He munches noisily on a handful of chips, reclining against the wooden boards that make up the underground walls. We’d done a decent job for two ten-year-olds, but our hobbit house ended up more of a glorified six-by-six-foot hole. Dirt seeps through the cracks in places, and we have to be careful to avoid loose nails. Rain sometimes trickles beneath the tarp, leaving a perpetual smell of damp wood.

Leaves rustle above us and the snap of a twig echoes through the woods. “Shh,” I whisper, swatting my hand to silence his munching. “I heard something.”

A female voice floats into our haven, followed by giggling. I roll my eyes at Gideon, and through the scattered rays, he rolls his back. Some kids at the log. Years back, my dad set up an idyllic sitting spot beneath the pines. Occasionally, kids discover it, sneaking over during the summer or on weekends to have a smoke or a beer, even though this part of the creek is on my family’s property. When we were little, Gideon and I used to play spies, camouflaging ourselves within the coniferous trees and trying not to get caught.

We aren’t kids now, though, and it’s just annoying. I figured we’d have this area to ourselves, at least until school lets out. I want to talk to Gideon, the person who’s known me since second grade and never once whispered about my homicidal tendencies in the school halls. The person who’s always known just what to say to cheer me up. But now we have to keep our voices down, so no one discovers this place. Even after Asher became the third member of our trio, back when he and Gideon became football buddies freshman year, I refused to let him in on our secret. Asher has lots of things—the adoration of the town and our parents, for starters. The hideout is mine. The one thing I’ve kept between my best friend and me.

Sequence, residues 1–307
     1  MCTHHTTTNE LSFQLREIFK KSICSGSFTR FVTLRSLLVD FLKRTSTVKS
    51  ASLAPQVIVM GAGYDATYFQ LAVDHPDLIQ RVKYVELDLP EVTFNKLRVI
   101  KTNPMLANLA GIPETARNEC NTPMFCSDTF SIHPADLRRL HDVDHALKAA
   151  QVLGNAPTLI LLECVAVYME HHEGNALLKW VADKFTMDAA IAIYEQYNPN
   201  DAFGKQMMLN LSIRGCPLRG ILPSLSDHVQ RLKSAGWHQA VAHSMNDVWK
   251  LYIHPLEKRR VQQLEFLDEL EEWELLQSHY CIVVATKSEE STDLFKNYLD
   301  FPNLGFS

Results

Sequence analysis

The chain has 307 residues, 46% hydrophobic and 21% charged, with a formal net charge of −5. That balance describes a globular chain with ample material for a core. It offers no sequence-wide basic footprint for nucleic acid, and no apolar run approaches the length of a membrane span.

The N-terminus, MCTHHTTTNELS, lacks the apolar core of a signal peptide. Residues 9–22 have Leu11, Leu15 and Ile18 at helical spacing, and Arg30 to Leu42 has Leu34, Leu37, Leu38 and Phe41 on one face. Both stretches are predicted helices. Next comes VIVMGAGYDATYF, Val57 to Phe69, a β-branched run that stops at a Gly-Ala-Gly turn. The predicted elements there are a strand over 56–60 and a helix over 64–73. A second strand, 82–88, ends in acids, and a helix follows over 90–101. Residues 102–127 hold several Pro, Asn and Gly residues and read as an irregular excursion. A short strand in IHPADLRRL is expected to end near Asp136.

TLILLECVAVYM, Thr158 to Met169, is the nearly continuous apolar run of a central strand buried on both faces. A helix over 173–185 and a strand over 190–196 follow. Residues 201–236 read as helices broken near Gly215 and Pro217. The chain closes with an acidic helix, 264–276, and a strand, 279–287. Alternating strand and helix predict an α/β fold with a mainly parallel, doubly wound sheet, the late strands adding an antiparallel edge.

Gideon exhales, his breath warm on my bare arm, and my pulse quickens. A rogue strand of dark hair has fallen over his eyes, and I resist the urge to push it back. When we were kids and built this place, he had the wiry body and static-stricken hair of a primate. Now he’s tall, with the muscular body of an athlete. It doesn’t leave much space between us in the tiny, underground hovel.

“Come on, you really brought me here?” asks the girl. I cringe, recognizing the chirpy voice and distinct, kookaburra cackle. Melody Davenport. She was in my brother’s class at school, and we used to play volleyball together. She’s Laura Gelman’s best friend and basically an older, blond version of her. After high school, Melody started working at Gina’s Diner in town.

“Ooh,” I whisper, grinning slyly. “Who’s she talking to?”

Gideon listens, chin resting on his palm. “Herself. She has to invent friends while Laura’s at school.”

“Is that so?” Melody asks coyly, her perky voice transforming into something softer. The rest of her words are partially drowned by the gentle whooshing of the stream. Silence follows, broken only by the occasional giggle and moan. I dig around quietly in my backpack, searching for a distraction as I mentally will Melody and whoever she’s with out of the vicinity.

Gideon leans in. “What if she’s up there with Seth?” he whispers, laughing into the sleeve of his sweatshirt.

“No way!” I sputter, scrunching my nose. “Melody would never.” Seth Greer graduated with Melody and Asher, but before that he was our school’s token creep, who loitered behind the bleachers, spying on girls.

Gideon’s eyes twinkle with amusement. “They looked pretty heated this morning.”

Gideon had tutoring at Gina’s Diner in town this morning. When I stopped by to bike with him to school, we saw Seth and Melody arguing outside. We did a double take since Seth never speaks to anyone, much less a girl like Melody Davenport.

“Not that kind of heated,” I say. There’s no way it’s Seth up there with her. Still, I plant my hands firmly over my ears, just in case. I make a gagging face at Gideon. He bends closer, using my shoulder to stifle his laughter, and the vibrations rumble against me. Then he scoots closer to the backpack, yanking out his phone. He nudges me with an elbow and I lower my hands. “I’ve got to text Dave before Coach calls my mom looking for me.”